Broadland Country Park

This beautiful 140 acre mosaic of heath, woodland and marshy grassland, nestled between Horsford and Felthorpe is perfect for walkers, horse riders and cyclists to explore and enjoy.

Circular routes

There are two circular routes around the country park:

  • pink route (0.8miles/1.3km, 20-30mins) - the shorter of the two, this route features a mix of broadleaf and conifer woodland
  • purple route (1.6m/2.6km, 40-60mins)  - this longer route guides you through large areas of sweet chestnut trees with views across the heath

We ask that for their own safety and to help maintain the natural environment visitors stick to the waymarked paths.

What to look out for during your visit

You are likely to see resident woodland birds like mistle thrush, great and blue tits and great spotted woodpecker on site year round.

In the spring you can find bluebells and primroses and in the summer butterflies and dragonflies can be seen along the woodland fringes.

When autumn arrives and light levels drop, the site turns purple as the heather starts to flower and sweet chestnut trees ripen. There are likely to be small flocks of crossbill, siskin, lesser redpoll and goldcrest present in the pines.

In the winter, bare silver birch trees create a striking contrast in the landscape.

During your visit you might also be lucky enough to see common lizards, slow worms, grass snakes or adders - four of the UK's six indigenous reptile species.

There is no overnight camping allowed on site. Please respect and protect nature by taking your litter home and cleaning up after dogs and keeping them under close control.

History

In the 18th Century, heathland extended from Whinny Hills to the North Norfolk Coast, but as grazing regimes ceased, many of the plants unique to these heathlands were lost to the growth of unmanaged birch and gorse scrub. 

Our teams are working hard to restore areas of this important heathland habitat. During your visit you may see volunteer groups working on site, as well as grazing cattle to help control the areas of scrub.

Heathland

Heathlands form a landscape that is rarer than tropical rainforest is home to some of our rarest and most exciting wildlife in the UK.

Heaths are at their most interesting, and colourful the in spring and summer. A visit to Broadland Country Park on summer evenings might give you the chance to see and hear nightjars. During the day you will be able to see common lizards basking in sunny spots.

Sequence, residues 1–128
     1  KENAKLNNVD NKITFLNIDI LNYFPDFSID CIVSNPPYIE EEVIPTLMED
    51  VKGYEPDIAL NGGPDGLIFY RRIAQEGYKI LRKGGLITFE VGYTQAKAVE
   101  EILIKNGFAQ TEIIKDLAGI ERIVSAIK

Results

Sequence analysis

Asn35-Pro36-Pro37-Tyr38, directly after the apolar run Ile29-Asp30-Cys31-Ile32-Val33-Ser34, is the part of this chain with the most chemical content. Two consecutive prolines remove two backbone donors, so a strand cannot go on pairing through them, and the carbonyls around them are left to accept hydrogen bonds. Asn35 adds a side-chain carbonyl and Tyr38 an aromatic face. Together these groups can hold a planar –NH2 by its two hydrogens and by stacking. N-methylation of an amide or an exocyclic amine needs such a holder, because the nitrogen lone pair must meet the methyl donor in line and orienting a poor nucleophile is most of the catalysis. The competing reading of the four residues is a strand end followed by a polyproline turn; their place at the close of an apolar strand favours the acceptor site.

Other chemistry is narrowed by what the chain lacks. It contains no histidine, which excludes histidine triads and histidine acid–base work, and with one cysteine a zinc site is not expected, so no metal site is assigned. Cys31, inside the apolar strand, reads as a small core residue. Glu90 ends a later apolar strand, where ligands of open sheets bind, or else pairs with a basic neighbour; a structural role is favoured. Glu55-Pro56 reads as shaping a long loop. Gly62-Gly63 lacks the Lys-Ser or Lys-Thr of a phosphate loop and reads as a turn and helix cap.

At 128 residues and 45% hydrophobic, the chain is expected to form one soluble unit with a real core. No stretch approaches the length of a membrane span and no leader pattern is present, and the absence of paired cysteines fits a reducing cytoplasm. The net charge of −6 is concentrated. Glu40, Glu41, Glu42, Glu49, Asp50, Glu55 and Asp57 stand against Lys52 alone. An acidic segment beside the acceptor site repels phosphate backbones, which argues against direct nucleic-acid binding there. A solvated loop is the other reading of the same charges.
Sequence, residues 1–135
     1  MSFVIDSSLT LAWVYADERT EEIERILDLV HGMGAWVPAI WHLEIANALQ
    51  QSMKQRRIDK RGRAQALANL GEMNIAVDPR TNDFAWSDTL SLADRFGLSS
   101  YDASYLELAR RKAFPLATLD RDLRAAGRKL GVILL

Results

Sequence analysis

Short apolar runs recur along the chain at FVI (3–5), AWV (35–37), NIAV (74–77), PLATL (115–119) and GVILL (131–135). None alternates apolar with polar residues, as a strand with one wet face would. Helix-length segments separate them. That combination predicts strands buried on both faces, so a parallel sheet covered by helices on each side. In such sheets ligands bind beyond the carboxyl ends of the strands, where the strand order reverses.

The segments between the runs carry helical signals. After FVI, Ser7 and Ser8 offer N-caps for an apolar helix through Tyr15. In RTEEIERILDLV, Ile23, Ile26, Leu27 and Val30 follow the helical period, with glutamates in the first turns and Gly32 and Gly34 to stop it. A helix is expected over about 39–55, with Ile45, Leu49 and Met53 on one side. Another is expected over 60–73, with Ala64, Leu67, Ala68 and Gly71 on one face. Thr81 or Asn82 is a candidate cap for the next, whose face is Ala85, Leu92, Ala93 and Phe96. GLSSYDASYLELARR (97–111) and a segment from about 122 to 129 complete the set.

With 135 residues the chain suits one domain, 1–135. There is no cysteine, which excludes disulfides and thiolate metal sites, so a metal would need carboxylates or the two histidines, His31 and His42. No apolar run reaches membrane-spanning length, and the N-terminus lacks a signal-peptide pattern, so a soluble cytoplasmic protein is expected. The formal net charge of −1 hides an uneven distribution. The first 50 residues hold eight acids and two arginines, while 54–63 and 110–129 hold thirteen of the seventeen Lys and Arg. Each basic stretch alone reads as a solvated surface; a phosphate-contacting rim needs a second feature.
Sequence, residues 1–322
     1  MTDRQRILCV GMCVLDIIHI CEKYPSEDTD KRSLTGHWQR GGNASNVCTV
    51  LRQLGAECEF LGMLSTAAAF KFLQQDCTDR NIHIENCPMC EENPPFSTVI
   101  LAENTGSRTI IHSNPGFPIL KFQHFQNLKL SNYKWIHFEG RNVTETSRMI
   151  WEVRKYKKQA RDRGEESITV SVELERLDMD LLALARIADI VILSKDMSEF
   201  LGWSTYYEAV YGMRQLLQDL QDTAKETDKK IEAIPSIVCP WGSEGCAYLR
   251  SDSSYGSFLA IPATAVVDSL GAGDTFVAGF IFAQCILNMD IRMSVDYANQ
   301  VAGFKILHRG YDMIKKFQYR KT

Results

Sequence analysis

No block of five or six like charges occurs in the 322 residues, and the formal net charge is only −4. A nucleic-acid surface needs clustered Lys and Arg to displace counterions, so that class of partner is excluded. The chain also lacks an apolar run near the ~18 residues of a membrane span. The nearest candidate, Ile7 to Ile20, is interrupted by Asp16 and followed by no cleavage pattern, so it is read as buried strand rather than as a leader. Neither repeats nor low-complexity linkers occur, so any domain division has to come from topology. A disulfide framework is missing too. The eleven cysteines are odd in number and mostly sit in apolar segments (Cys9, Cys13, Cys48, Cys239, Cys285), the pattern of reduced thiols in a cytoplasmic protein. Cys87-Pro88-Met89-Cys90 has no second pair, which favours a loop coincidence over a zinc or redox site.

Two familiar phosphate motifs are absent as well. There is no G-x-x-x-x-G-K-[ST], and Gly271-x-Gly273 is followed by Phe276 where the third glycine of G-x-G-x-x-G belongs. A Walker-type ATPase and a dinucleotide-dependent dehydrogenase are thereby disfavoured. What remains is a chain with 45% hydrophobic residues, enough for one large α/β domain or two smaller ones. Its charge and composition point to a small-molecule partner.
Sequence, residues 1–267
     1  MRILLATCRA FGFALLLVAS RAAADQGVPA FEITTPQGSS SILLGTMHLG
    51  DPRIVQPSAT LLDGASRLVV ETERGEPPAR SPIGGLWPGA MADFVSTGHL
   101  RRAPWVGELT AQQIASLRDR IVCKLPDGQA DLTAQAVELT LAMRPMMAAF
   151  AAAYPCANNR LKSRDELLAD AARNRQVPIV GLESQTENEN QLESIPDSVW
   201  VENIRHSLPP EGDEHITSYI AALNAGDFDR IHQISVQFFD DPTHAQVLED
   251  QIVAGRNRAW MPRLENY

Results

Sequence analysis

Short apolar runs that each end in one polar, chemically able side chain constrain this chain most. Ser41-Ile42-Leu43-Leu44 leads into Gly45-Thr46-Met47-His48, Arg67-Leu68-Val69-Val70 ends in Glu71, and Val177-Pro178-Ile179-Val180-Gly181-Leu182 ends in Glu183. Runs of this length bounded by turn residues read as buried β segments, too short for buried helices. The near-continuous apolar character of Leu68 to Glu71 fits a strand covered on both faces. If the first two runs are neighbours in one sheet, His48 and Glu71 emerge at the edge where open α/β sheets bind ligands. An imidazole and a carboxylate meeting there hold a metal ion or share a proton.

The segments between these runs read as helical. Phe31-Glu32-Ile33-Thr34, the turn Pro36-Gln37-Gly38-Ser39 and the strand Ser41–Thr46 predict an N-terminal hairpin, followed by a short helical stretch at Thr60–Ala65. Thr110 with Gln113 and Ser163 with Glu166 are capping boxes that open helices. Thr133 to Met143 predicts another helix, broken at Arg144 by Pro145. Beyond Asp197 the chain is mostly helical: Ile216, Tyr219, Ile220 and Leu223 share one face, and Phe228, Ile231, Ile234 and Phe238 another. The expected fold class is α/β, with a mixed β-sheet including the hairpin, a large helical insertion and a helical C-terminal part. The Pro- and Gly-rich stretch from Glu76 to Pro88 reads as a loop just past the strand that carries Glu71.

Parking

Limited free parking is available just off the Haveringland Road as marked on the map of park. For satellite navigation systems, the nearest postcode is NR10 4DF. Grid reference TG 18235 17564.

Partners

Broadland Country Park was acquired by Broadland District Council with support from the Greater Norwich Growth Board.

We are also working in partnership with the Norfolk and Norwich Naturalists Society to undertake a programme of ecological and biological research in the area over the next three years. This will allow us to establish what important wildlife we have where and provide the scientific basis for future management, restoration and conservation work. Specialists and experts will be visiting the area to undertake surveys, which will also be shared with the Norfolk Wildlife Trust and Norfolk Biodiversity Information Service.

Habitat guide

As part of their third year Science Communication module at the UEA, two students were tasked with producing a common species guide and recording pack for all of the habitats in Norfolk. In the future these resources will be used to facilitate an inter-parish recording programme, run by Norfolk Biodiversity Information Service (NBIS), to encourage more people to take up Biodiversity recording in Norfolk.

Learn about some of the common species that might be found at Broadland Country Park.

If you would like to see the full recording pack for all of Norfolk’s habitats, provide feedback for the students and learn more about the upcoming inter-parish recording program, you can do so here

Want to get involved?

We are already working with several groups of local conservation volunteers and the Norwich Fringe Project who regularly visit site to undertake practical management, but are always interested to hear from local people who might want to get involved to help us manage and maintain this beautiful place.

We would like to set up a 'Friends of Broadland Country Park' group who can get more actively involved in voluntary activities at the park, this could range from practical habitat management like scrub bashing, litter picking, livestock checking and running guided events.